Editors’ Note: John Perkins contributes to HistPhil’s forum on the Green Revolution.
Scholarship over the past 20 years has produced a much richer understanding of the Green Revolution, but one critical angle has received little attention: the role of energy. This post will sketch the important issues connecting energy with the Green Revolution and explain why they received little attention until recently. I present it with the hope that it will inspire more intensive study.
Philanthropic organizations, particularly the Rockefeller and Ford Foundations, played a key role in developing and promoting the international spread of high yielding varieties of wheat and rice after the 1940s. This Green Revolution, a name developed in the 1960s for purposes of public relations, rested on finding and developing plant varieties that responded well to fertilizer and water. Both already-industrialized and yet-to-industrialize countries adopted the new plants and methods, but the Foundations focused their work on the latter group.
As grain yields increased after the 1960s, natural and social scientists explained the physical and institutional bases for the higher yields and devised policies to further promote them. Other studies, sometimes critical and sometimes not, assessed the social and economic consequences in less industrialized countries. Notably, these studies said little about the Green Revolution’s origins or the parallel adoption of the varieties in highly industrialized countries.
Historical scholarship in recent years, however, has provided many new insights about the origins of the Green Revolution and a broader assessment of its impacts. These agricultural changes (a) stemmed from efforts of more than a century to apply modern science to agriculture, (b) involved scientific institutions first developed in the 19th century, (c) stemmed from desires of national leaders to change their countries from rural-agrarian to urban-developed, (d) bolstered US strategic military objectives of containing the former USSR during the Cold War, (e) supported industrialization efforts arising within not-yet-industrialized countries, (f) reflected ideas about demography, growing populations, and food supplies, and (g) affected the ideas of “modern” and “biodiversity.” Other literature assessed the environmental impacts of the Green Revolution and whether its strategies could or should be repeated.
Why didn’t the older studies or the more recent ones explore the role of energy in successful cultivation of high-yielding varieties of wheat and rice? How important is the linkage between energy and the Green Revolution, or more broadly between energy and high-yielding agriculture? Might historians of philanthropy contribute studies on the relationship? The following ideas seem most important for studies focused on events after 1945.
After the end of the Second World War, strategic leaders in the United States saw two evolving crises. First, Europe and Japan lay devastated by the war and without energy resources—particularly oil—to aid reconstruction and revival of industrial and agricultural production. At the same time, US oil production was losing its capacity to export large supplies to its allies, as it had done before 1945.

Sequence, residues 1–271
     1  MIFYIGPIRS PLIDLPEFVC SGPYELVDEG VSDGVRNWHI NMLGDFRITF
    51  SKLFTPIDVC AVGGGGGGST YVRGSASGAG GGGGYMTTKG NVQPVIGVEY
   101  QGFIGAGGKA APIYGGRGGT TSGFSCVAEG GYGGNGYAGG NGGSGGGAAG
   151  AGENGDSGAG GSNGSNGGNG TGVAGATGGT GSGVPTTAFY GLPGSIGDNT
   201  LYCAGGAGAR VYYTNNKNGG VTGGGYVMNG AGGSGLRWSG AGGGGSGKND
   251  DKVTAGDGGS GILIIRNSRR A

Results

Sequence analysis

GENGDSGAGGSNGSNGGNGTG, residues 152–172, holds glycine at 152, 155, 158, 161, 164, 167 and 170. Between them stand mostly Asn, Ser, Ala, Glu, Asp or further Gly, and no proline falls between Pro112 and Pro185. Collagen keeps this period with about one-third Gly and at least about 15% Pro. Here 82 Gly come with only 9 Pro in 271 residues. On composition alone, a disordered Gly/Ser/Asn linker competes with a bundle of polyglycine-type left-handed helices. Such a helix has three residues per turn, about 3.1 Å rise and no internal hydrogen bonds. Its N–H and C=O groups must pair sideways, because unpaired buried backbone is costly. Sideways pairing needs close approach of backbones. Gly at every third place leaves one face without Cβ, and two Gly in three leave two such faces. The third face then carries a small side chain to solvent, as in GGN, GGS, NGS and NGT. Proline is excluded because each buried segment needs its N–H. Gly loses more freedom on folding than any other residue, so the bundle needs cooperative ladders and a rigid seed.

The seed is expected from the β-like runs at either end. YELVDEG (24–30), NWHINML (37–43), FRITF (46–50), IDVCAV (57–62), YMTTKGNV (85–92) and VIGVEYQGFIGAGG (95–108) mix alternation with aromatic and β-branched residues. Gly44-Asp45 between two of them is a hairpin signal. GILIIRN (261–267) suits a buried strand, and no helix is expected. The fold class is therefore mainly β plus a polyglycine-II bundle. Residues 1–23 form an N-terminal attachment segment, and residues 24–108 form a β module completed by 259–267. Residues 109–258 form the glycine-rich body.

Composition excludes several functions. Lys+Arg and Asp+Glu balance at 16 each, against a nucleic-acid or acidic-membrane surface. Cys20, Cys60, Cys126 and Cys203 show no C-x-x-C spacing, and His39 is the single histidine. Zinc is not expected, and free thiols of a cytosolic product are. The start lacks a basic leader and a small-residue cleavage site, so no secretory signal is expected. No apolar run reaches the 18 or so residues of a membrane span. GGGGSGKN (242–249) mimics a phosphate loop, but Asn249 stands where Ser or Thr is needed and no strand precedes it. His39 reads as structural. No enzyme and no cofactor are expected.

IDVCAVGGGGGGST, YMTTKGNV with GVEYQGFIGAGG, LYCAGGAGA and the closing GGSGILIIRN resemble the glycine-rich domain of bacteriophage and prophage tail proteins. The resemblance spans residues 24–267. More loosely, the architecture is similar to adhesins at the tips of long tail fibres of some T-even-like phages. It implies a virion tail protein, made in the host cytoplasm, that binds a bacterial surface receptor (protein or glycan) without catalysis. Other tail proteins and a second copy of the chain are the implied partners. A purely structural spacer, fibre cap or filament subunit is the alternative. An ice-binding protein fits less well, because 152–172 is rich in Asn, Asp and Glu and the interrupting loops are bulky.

The wartime alliance of the USA, the UK, and the USSR frayed and snapped by 1949 and tensions surged: the Cold War. US foreign policy emphasized the need to keep Middle East oil fields out of Soviet hands and to guarantee access to that oil for Western Europe, Japan, and the United States itself.
Second, agricultural yields in less industrialized countries, like India, had not increased as they had in the US after 1900, and US strategic leaders saw shortages of food as destabilizing and a possible source of communist insurgencies. As part of efforts to thwart the Soviets, aid leading to the Green Revolution began to flow.
A key distinction between the two issues—oil and food—lay in the actors. The US government, in collaboration with major international oil companies, dealt with the energy problem. The US government, in collaboration with private philanthropy, dealt with food and agriculture. From the government’s perspective, both issues were part of the Cold War, but they were distinct problems, managed by different agencies and not otherwise linked. Until 1974, private philanthropy didn’t see them as linked either.
A very direct linkage, however, connected energy issues with food and agriculture. On several levels, Green Revolution practices to obtain high yields of grain did not work without sufficient supplies of the right sorts of energy, such as electricity and petroleum.
Most directly, high yields depended on fertilizer, particularly nitrogen fertilizer but sometimes also phosphates, potassium, and other substances. Fertilizer production, at acceptable prices in the amounts required to change national yields, depended on cheap energy. For example, making ammonia fertilizer used natural gas as a chemical feedstock and an energy source to drive the reactions. Similarly, reliable water supplies for high yields depended on the energy to build dams, operate irrigation works, and pump ground water.